Home International Four years after ouster, Nepal’s deposed king having last laugh

Four years after ouster, Nepal’s deposed king having last laugh

By Sudeshna Sarkar, IANS,

Kathmandu: Four years after he was forced to end his army-propped regime and endure the start of a retributive process to abolish monarchy, Nepal’s deposed king Gyanendra Bir Bikram Shah may have had the last laugh with the peace process in tatters and political parties facing the same public wrath he had.

On April 24, 2006, the last king of Nepal, who had seized power through a bloodless coup the previous year, was compelled to restore parliament after 19 days of a nationwide peaceful pro-democracy movement that brought the country to a halt despite the use of force by the royal regime.

Since then, Nepal, transformed into a federal, secular republic, had been celebrating April 24 as “Democracy Day”, awaiting another epoch-making event on May 28 this year when a new constitution, written by the people themselves for the first time, was to have been unveiled.

Though celebrations were still held dutifully Saturday, there was little heart or hope in them after Nepal’s ruling parties this week admitted it was impossible to promulgate the new constitution by next month.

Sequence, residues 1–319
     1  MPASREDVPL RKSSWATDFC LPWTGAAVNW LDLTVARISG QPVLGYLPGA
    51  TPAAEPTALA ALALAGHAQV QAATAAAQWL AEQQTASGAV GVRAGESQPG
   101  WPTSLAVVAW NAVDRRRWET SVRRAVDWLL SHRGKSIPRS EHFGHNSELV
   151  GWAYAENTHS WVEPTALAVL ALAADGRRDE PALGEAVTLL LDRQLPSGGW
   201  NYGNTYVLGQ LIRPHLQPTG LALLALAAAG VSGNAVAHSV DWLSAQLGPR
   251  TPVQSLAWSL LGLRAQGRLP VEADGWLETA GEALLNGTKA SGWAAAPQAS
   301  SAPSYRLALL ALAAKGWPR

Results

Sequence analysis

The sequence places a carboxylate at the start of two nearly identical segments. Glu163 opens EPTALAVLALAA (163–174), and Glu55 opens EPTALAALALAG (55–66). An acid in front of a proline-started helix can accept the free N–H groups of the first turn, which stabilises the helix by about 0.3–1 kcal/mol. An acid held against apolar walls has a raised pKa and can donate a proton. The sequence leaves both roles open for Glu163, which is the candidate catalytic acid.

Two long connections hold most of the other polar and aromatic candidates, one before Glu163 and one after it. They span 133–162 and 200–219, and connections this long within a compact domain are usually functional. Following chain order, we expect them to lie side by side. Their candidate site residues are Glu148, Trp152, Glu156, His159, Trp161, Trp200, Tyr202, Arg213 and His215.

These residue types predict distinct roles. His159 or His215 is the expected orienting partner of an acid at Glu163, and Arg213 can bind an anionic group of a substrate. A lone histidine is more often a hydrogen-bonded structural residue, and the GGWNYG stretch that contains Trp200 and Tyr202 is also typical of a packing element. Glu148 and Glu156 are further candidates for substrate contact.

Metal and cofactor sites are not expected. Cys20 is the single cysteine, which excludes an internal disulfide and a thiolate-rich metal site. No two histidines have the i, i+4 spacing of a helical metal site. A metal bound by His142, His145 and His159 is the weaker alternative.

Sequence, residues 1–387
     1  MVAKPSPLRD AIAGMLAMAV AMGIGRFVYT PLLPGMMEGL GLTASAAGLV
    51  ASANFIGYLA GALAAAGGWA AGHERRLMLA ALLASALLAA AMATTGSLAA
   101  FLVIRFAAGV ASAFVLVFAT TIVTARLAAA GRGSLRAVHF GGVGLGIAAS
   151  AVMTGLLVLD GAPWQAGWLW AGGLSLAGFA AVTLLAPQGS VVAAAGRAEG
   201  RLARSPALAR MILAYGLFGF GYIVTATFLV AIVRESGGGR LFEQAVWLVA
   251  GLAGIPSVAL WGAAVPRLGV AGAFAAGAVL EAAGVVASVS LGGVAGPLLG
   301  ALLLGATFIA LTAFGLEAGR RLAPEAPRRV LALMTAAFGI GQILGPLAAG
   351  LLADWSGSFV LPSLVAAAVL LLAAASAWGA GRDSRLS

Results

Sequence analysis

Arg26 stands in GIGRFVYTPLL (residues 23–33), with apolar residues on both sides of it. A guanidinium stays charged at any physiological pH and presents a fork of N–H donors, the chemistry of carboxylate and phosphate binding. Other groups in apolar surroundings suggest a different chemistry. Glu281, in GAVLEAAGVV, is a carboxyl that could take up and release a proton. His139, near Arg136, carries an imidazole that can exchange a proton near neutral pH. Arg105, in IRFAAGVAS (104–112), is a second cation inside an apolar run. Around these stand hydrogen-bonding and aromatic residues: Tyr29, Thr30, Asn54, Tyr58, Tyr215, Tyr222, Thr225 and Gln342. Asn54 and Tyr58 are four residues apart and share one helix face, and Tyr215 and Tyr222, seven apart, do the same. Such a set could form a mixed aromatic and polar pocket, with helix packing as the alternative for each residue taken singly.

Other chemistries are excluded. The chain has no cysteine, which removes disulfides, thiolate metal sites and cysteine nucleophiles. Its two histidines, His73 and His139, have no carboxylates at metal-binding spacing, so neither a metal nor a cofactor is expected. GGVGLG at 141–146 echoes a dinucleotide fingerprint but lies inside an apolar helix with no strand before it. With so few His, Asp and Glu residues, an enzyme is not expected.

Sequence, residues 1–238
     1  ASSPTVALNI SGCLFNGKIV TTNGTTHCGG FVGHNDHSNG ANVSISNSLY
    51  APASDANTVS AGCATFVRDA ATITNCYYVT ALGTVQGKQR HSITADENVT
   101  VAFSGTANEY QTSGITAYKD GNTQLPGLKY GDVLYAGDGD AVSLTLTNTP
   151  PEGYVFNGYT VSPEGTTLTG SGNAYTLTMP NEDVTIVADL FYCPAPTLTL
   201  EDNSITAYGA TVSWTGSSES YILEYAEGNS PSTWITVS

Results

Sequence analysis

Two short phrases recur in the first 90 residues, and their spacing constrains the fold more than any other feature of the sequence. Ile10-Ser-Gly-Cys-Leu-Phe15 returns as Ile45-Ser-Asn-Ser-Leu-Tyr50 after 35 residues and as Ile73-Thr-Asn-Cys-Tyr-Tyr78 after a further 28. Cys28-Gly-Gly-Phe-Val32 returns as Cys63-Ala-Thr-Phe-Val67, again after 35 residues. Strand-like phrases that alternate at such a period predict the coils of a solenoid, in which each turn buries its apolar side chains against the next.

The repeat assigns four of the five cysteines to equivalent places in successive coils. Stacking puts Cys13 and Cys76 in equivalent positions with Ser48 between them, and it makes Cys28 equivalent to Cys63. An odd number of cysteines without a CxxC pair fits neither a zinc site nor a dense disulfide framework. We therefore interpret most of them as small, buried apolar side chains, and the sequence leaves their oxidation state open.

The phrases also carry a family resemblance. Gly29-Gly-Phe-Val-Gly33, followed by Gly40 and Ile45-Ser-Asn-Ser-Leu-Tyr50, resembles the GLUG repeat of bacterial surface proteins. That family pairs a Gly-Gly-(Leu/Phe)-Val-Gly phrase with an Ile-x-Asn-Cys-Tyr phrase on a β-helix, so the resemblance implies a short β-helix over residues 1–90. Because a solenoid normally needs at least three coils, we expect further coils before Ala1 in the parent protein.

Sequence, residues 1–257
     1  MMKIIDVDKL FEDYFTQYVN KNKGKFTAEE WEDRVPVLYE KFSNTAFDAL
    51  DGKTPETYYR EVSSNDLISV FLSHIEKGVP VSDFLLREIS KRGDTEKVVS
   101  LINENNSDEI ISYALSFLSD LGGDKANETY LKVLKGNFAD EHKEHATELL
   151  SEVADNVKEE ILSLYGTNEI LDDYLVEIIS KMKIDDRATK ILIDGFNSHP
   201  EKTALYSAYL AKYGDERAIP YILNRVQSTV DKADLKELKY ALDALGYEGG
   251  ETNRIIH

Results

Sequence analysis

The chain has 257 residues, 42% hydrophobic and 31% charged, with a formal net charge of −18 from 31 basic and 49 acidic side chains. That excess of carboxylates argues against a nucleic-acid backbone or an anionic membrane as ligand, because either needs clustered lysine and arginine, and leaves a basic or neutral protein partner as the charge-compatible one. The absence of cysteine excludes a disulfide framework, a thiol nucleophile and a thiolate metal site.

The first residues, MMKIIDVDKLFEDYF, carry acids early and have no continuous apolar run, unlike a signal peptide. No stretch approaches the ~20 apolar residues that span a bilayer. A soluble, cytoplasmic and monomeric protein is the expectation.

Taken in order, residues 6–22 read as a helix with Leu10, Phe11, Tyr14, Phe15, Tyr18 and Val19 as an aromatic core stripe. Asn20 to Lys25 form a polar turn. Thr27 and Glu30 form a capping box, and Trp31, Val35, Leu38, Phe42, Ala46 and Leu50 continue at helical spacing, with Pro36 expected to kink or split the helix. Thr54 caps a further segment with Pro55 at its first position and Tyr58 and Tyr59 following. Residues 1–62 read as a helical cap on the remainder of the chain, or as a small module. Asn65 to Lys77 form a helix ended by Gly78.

“The parties, with their old mindsets, have failed to meet people’s aspirations,” accused human rights activist Devendra Raj Pandey, who was among the tens of thousands of civil society members who took part in the anti-king protests four years ago.

Four years later, the spectre of uncertainty and fear of violence stalks Nepal anew with its former Maoist guerrillas on the verge of new anti-government protests.

Clashes between the Maoists and the ruling parties have begun. From Sunday, the former rebels have called an indefinite closure of all public schools in the country.

Maoist chief Pushpa Kamal Dahal Prachanda, who led a 10-year war for the abolition of monarchy, has also warned of an indefinite general strike from May 2.

On May 1, the Maoists plan to stage a show of might in the capital to pressure Prime Minister Madhav Kumar Nepal into resigning.

If Nepal resists the “final push”, as he has been for almost a year, Prachanda has warned of graver consequences, including an indefinite shutdown.

There are reports of the former guerrillas giving paramilitary training to new recruits, leading to fears of an attempted coup by them after May 28.

The government has put the army and other security agencies on high alert since Thursday, bracing for clashes.

The animosity between the ruling parties and Maoists was fanned further Friday when the former made appointments to three key constitutional posts without the approval of the ex-rebels and in violation of the peace pact of 2006 that had pledged to do so only after consensus.

A similar feud between the parties and the Maoists in the past had emboldened Gyanendra to grab power.

Now with a re-enactment of the past and a growing public outcry against both, die-hard royalists are watching the confrontation with glee from the sidelines and pushing a demand for the restoration of monarchy.